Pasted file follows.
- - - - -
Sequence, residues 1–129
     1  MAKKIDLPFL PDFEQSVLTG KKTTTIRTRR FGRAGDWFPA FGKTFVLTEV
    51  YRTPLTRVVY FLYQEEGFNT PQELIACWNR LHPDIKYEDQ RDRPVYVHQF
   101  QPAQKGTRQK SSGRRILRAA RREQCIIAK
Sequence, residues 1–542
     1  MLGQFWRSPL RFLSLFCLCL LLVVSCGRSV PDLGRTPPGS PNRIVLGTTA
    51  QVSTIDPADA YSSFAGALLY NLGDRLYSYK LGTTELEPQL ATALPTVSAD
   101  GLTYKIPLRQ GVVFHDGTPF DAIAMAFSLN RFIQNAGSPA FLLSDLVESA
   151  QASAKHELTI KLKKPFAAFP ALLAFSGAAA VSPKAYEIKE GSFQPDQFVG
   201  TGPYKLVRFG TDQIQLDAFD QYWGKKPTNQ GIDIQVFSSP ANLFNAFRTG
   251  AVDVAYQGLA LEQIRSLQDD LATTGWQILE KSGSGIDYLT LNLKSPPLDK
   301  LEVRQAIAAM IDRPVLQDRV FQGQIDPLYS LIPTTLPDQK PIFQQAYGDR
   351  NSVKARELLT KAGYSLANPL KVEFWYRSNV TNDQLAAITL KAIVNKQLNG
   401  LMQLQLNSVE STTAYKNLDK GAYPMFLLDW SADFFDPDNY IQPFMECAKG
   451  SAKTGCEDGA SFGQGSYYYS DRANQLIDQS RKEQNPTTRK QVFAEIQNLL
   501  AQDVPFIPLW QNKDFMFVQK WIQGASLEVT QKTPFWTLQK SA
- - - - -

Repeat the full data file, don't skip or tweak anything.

Sequence, residues 1–129
     1  MAKKIDLPFL PDFEQSVLTG KKTTTIRTRR FGRAGDWFPA FGKTFVLTEV
    51  YRTPLTRVVY FLYQEEGFNT PQELIACWNR LHPDIKYEDQ RDRPVYVHQF
   101  QPAQKGTRQK SSGRRILRAA RREQCIIAK
Sequence, residues 1–542
     1  MLGQFWRSPL RFLSLFCLCL LLVVSCGRSV PDLGRTPPGS PNRIVLGTTA
    51  QVSTIDPADA YSSFAGALLY NLGDRLYSYK LGTTELEPQL ATALPTVSAD
   101  GLTYKIPLRQ GVVFHDGTPF DAIAMAFSLN RFIQNAGSPA FLLSDLVESA
   151  QASAKHELTI KLKKPFAAFP ALLAFSGAAA VSPKAYEIKE GSFQPDQFVG
   201  TGPYKLVRFG TDQIQLDAFD QYWGKKPTNQ GIDIQVFSSP ANLFNAFRTG
   251  AVDVAYQGLA LEQIRSLQDD LATTGWQILE KSGSGIDYLT LNLKSPPLDK
   301  LEVRQAIAAM IDRPVLQDRV FQGQIDPLYS LIPTTLPDQK PIFQQAYGDR
   351  NSVKARELLT KAGYSLANPL KVEFWYRSNV TNDQLAAITL KAIVNKQLNG
   401  LMQLQLNSVE STTAYKNLDK GAYPMFLLDW SADFFDPDNY IQPFMECAKG
   451  SAKTGCEDGA SFGQGSYYYS DRANQLIDQS RKEQNPTTRK QVFAEIQNLL
   501  AQDVPFIPLW QNKDFMFVQK WIQGASLEVT QKTPFWTLQK SA